Seven Elements That Changed the World – John Browne

Posted in alo, Anchor, FF, GE, LAI, ONA, PUR, Uncategorized | Tagged , , , , , , , , , , , | Comments Off on Seven Elements That Changed the World – John Browne

The Species Seekers: Heroes, Fools, and the Mad Pursuit of Life on Earth – Richard Conniff


The Species Seekers: Heroes, Fools, and the Mad Pursuit of Life on Earth
Richard Conniff

Genre: Science & Nature

Price: $1.99

Publish Date: November 1, 2010

Publisher: W. W. Norton & Company

Seller: W. W. Norton

The story of bold adventurers who risked death to discover strange life forms in the farthest corners of planet Earth. Beginning with Linnaeus, a colorful band of explorers made it their mission to travel to the most perilous corners of the planet and bring back astonishing new life forms. They attracted followers ranging from Thomas Jefferson, who laid out mastodon bones on the White House floor, to twentieth-century doctors who used their knowledge of new species to conquer epidemic diseases. Acclaimed science writer Richard Conniff brings these daredevil “species seekers” to vivid life. Alongside their globe-spanning tales of adventure, he recounts some of the most dramatic shifts in the history of human thought. At the start, everyone accepted that the Earth had been created for our benefit. We weren’t sure where vegetable ended and animal began, we couldn’t classify species, and we didn’t understand the causes of disease. But all that changed as the species seekers introduced us to the pantheon of life on Earth—and our place within it.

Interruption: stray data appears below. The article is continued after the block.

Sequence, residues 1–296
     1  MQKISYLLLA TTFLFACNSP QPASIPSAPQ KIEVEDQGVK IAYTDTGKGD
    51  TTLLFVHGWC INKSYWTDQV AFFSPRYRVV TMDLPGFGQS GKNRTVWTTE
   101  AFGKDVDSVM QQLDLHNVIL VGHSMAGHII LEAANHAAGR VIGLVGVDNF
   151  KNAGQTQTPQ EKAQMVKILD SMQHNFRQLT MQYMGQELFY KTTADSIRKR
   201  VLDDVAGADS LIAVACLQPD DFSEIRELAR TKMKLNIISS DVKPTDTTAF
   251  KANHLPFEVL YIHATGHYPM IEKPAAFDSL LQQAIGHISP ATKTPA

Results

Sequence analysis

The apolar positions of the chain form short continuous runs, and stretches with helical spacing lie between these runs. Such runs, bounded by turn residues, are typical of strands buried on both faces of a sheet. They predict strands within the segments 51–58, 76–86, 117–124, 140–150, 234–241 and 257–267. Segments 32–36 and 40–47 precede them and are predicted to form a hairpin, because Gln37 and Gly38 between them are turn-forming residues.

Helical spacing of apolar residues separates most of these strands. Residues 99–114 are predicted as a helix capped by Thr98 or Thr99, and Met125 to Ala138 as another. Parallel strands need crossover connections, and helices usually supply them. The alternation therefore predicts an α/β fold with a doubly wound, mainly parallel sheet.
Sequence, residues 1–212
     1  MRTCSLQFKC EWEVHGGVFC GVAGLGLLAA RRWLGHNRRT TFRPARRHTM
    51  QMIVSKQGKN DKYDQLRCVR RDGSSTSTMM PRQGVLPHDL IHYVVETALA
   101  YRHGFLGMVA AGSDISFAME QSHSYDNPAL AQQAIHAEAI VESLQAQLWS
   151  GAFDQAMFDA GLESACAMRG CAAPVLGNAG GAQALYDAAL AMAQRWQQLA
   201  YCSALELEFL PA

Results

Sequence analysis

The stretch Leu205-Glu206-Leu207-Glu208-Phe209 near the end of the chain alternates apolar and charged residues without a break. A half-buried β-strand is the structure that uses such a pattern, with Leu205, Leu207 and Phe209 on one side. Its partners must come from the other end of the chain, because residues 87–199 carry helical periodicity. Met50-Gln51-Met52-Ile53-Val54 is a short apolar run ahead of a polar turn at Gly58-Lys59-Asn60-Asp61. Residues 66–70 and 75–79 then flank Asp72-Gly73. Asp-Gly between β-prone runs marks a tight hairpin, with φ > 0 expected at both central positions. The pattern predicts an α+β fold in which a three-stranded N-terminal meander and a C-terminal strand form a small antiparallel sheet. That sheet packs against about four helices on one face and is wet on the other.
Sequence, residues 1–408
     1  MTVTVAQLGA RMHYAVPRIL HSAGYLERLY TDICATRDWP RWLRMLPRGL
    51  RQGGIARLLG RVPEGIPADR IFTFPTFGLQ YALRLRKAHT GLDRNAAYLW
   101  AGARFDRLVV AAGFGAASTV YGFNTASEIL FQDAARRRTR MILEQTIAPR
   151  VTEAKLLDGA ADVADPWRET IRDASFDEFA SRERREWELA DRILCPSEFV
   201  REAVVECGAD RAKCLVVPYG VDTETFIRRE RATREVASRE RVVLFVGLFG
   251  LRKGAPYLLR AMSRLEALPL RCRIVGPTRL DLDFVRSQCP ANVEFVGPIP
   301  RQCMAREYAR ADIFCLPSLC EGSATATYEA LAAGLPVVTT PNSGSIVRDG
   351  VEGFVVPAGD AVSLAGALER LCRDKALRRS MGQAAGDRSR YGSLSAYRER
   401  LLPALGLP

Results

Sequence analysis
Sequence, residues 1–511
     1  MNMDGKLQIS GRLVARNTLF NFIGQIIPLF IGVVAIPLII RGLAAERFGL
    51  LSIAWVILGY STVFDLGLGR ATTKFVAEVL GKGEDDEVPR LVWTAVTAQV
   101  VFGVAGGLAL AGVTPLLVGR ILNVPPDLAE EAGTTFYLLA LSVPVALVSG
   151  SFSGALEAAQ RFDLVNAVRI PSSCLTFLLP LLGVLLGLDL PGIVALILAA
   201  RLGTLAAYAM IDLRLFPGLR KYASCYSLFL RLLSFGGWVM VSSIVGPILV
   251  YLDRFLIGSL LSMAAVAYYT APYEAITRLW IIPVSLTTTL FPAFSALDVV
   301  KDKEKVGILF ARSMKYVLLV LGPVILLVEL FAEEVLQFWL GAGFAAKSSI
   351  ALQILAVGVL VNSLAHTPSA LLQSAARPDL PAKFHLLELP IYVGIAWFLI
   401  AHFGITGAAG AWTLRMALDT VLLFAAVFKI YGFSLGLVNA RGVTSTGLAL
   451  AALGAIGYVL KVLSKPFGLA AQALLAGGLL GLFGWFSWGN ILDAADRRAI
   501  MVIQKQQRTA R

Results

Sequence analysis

Visit link – 

The Species Seekers: Heroes, Fools, and the Mad Pursuit of Life on Earth – Richard Conniff

Posted in alo, Anchor, ATTRA, Everyone, FF, GE, LAI, ONA, PUR, Uncategorized, W. W. Norton & Company | Tagged , , , , , , , , , , | Comments Off on The Species Seekers: Heroes, Fools, and the Mad Pursuit of Life on Earth – Richard Conniff

Meet the Star of Judd Apatow’s New Netflix Series "Love"

Mother Jones